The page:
With friends, you can go longer, further, faster. That sounds like the slogan for a scientifically-loaded energy gel, but it’s true. There’s the actual aerodynamic advantage of slipstreaming, but there’s also the mental game we all play in an effort to seem fitter, more up to scratch, worthy of their company.

Studies have shown that even when your group is only two-strong, the second rider can benefit from drag reductions of anywhere between 25% and 50% depending on things like the comparative sizes of the riders, the exact position of the riders in relation to one another, wind direction and speed, etc. Positioning and size are all just as important in larger groups (you don’t want to be last wheel) and you can find a more consistent reduction of around 44% if you are suitably placed mid-pack. Of course, it’s always worth remembering that the larger the group, the fewer turns you’ll be required to take in the wind at the front – at least assuming everyone is at roughly the same level and can sustain pack riding.

Staying with science for a moment, the lead rider of a group can also expect a drag reduction of around 2% thanks to a kind of pushing effect from behind. That is, the following riders fill the space behind the leader, causing the air to flow efficiently around the whole group rather than snagging the rider in the wind with a streamer effect of turbulent air.

I have a more abstract (unproven) theory where the lead rider’s efficiency and pace are concerned: through a combination of mutual motivation and paceline adrenaline, the leader rides at least 5% faster than they would alone, if only to feel a little more like Tim Declercq on the front of the pro peloton.



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Win or lose, leave it all on the road #waytoride #rookutdebuzze #painface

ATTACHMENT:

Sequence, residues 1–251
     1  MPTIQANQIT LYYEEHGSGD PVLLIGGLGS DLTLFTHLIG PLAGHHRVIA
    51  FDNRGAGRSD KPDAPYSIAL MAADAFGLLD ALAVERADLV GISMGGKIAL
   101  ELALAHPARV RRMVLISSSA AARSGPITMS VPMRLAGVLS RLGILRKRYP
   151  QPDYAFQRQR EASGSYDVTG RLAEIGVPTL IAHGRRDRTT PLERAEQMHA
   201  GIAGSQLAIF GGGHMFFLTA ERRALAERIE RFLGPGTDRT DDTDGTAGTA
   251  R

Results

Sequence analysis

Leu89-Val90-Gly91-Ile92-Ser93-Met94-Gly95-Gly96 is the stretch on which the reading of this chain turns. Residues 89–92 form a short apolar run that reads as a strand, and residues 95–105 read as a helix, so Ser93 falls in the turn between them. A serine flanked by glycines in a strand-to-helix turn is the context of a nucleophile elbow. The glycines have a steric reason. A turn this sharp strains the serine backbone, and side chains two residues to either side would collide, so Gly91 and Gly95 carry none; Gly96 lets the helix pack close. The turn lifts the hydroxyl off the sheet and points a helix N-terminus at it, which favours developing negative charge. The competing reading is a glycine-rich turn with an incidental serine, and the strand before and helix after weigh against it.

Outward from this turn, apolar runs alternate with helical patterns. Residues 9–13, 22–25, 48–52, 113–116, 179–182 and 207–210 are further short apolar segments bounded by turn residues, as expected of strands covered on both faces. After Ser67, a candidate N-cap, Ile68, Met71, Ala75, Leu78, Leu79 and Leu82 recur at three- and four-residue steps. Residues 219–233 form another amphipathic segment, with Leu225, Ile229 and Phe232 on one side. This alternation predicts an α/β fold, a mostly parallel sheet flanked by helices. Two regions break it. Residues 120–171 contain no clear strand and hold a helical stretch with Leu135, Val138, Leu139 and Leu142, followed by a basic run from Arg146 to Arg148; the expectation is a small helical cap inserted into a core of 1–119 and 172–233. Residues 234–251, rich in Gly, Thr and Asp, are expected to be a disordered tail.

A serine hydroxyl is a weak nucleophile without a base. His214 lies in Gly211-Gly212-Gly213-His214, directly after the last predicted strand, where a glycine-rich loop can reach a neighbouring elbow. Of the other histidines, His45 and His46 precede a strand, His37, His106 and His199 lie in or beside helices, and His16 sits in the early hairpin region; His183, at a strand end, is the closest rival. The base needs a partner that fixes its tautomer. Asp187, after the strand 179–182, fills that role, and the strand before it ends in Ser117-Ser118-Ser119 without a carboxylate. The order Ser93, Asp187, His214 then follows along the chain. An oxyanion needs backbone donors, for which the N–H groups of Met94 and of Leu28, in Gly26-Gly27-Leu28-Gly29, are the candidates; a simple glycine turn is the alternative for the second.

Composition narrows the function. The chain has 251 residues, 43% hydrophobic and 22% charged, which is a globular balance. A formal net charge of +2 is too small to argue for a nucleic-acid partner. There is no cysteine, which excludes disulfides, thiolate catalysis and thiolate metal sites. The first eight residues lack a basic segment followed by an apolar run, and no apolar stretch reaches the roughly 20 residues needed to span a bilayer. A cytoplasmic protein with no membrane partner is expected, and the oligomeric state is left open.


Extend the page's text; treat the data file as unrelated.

A post shared by Tim Declercq (@tim_declercq) on

Finally comes the finish line. Literally. Riding with others, especially others who roughly match your own level, adds a little competitive edge to proceedings. By extension, you will be faster, more immune to the stress and strain of hills and headwinds, and more highly motivated. The person I ride with most is a similar type of rider to me. We’re mentally in tune, we can pretty much measure our own fatigue by comparing with the heart rate of the other, and whoever is second wheel on the approach to a town sign will take advantage of the lead-out in a sprint across the line. Targeting Strava segments is one thing, but it’s nothing compared to the physical presence of a training partner and/or rival.

Although it hurts a little to sit – those damn silly super-stiff road saddles – I’m enjoying the regained aches and pains of being a semi-regular cyclist. But my questionable self-discipline has played only a cameo role in my own renewed motivation; the co-stars of this reboot are Alex Petter and la primavera itself. Long may it last.

Words by Emma Nicholson.

If you want to track my riding exploits, find me on Strava. Or follow me on Instagram and Twitter for day-to-day ramblings.